What’s particularly compelling about Kershaw's and Sale’s candidacies is that only one starting pitcher has ever won a Cy Young award in a non-strike year for a season in which he threw fewer than 200 innings: the Cubs' Rick Sutcliffe, who won the NL award in 1984 after being traded from the AL's Cleveland Indians in mid-June. Sutcliffe threw 244 2/3 innings on the season, but just 150 1/3 of them in the NL. Kershaw, if he maintains his 6.9 innings per start on the season and starts every fifth Dodgers game the rest of the way, beginning with his next scheduled start on Sunday, would throw just 186 innings this season. Sale, who will next start on Monday, would throw just 183 1/3. Wainwright, by comparison, is on pace for 233 innings on the season, still 25 percent more than Kershaw’s projected total. That makes Kershaw a long shot for this award, no matter how well he pitches, as he’d likely have to be at least 25 percent better than any other pitcher in the league to win his third Cy Young in the past four seasons.

4. Julio Teheran, RHP, Braves (3)

Season Stats: 9-6, 2.71 ERA, 1.04 WHIP, 7.7 K/9, 3.87 K/BB,6.8 K/9, 2 SHO, 135 ERA+

Last Three Weeks: 3-1, 4.07 ERA, 1.44 WHIP, 8.1 K/9, 3.14 K/BB, 6.1 IP/GS

Teheran had just two non-quality starts in his first 18 games this season, but finished the first half with two more and has now posted a 4.34 ERA over his last seven starts. An overcorrection on balls in play seems to have something to do with his change of fortune. In his first 13 starts he had a 1.89 ERA and his opponents hit .221 on balls in play. In his last seven starts he had that 4.34 ERA and his opponents have a .344 BABIP. His peripherals have been stronger in the more recent sample, however, so expect things to even out and for Teheran to continue to be a presence in this race.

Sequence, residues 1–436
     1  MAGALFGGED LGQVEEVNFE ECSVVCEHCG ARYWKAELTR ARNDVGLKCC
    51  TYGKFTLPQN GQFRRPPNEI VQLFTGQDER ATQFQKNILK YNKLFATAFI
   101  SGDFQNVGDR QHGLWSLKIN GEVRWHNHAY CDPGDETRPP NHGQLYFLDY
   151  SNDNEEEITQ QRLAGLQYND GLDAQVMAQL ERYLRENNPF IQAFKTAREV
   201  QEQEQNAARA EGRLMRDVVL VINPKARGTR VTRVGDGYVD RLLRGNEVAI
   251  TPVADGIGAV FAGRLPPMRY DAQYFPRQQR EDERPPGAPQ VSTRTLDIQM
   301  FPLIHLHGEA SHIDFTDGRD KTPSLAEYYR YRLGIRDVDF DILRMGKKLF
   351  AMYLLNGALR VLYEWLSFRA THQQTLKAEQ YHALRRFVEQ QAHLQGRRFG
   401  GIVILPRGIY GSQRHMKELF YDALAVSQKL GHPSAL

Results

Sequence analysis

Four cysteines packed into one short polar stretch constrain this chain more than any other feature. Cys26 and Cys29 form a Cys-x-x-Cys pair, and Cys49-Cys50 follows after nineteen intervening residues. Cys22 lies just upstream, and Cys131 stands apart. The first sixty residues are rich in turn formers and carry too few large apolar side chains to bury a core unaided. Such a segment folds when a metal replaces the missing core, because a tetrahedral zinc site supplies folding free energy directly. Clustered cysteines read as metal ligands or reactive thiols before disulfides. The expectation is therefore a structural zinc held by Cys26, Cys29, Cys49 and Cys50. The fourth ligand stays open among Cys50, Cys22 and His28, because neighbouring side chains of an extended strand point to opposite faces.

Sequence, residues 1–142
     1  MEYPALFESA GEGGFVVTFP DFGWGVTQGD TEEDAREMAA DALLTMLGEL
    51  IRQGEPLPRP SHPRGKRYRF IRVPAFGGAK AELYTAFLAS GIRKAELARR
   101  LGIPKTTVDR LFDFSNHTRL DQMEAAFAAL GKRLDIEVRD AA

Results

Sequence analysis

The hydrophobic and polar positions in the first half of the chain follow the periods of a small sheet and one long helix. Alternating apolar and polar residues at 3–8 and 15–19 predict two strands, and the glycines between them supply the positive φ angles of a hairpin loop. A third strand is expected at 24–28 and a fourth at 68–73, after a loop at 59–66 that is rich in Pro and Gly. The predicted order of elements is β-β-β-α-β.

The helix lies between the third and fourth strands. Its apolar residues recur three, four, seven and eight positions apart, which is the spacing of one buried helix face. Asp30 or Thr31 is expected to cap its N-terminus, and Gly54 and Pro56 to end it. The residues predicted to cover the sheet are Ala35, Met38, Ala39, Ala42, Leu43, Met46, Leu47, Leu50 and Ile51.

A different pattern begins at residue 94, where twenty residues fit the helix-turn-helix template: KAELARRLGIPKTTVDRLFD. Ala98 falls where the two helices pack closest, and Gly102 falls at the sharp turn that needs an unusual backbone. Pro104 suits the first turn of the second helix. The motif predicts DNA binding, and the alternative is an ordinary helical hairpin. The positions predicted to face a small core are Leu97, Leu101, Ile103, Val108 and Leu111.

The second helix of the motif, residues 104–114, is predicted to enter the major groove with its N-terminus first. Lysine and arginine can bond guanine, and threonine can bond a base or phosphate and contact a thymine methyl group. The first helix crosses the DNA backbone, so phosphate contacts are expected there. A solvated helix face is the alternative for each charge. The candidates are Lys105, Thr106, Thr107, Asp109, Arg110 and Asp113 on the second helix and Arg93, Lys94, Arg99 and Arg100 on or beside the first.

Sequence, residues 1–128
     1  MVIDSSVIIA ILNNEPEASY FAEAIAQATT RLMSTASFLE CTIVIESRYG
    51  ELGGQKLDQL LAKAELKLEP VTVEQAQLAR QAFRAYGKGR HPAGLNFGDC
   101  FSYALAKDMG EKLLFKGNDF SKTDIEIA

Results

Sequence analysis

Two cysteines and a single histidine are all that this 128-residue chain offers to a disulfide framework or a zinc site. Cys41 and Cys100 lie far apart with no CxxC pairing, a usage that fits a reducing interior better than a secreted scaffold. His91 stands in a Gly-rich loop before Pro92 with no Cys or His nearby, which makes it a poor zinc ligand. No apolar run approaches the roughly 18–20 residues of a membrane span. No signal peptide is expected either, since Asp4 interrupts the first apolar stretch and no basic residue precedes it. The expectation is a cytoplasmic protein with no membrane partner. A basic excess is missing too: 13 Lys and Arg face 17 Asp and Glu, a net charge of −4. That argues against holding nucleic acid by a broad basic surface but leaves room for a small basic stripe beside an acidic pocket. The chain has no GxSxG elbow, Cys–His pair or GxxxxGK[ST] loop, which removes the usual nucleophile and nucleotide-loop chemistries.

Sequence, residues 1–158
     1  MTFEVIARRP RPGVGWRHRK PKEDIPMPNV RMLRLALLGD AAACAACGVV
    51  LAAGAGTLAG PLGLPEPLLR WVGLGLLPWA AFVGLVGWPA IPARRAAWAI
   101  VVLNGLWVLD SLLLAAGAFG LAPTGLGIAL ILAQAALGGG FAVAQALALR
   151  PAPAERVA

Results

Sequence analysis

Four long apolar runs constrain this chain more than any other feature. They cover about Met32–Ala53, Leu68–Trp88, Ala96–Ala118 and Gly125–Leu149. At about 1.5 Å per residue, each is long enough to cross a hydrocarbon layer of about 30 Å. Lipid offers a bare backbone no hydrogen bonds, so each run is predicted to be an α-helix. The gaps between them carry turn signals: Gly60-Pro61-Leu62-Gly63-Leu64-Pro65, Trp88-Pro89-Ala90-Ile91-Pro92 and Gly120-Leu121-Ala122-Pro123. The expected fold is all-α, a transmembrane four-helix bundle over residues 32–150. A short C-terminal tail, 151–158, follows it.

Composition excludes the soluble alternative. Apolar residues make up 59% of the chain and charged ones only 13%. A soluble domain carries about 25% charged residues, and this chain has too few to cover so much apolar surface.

5. Zack Greinke, RHP, Dodgers

Season Stats: 11-5, 2.73 ERA, 1.17 WHIP, 9.6 K/9, 5.77 K/BB, 6.2 IP/GS, 130 ERA+

Last Three Weeks: 2-1, 2.05 ERA, 1.00 WHIP, 10.6 K/9, 13.00 K/BB, 7.3 IP/GS

Greinke ascends to this list almost by default. Rotation-mate Josh Beckett hit the disabled list early last week, the Cubs traded Jason Hammel to the other league, Chicago's JakeArrieta hasn't reached 80 innings yet and the Giants’ Madison Bumgarner went 1-3 with a 7.03 ERA in his last four starts before the break. That’s not to say that Greinke hasn’t pitched well: His results have been good and his peripherals have been outstanding, but his 3.42 ERA since the start of June wasn’t going to get him here without outside help. That said, the three starts captured in the Last Three Weeks numbers above represent his best three-start run since the end of April, and he struck out two of the three men he faced in the All-Star Game for good measure.

Off the list: Jason Hammel, Madison Bumgarner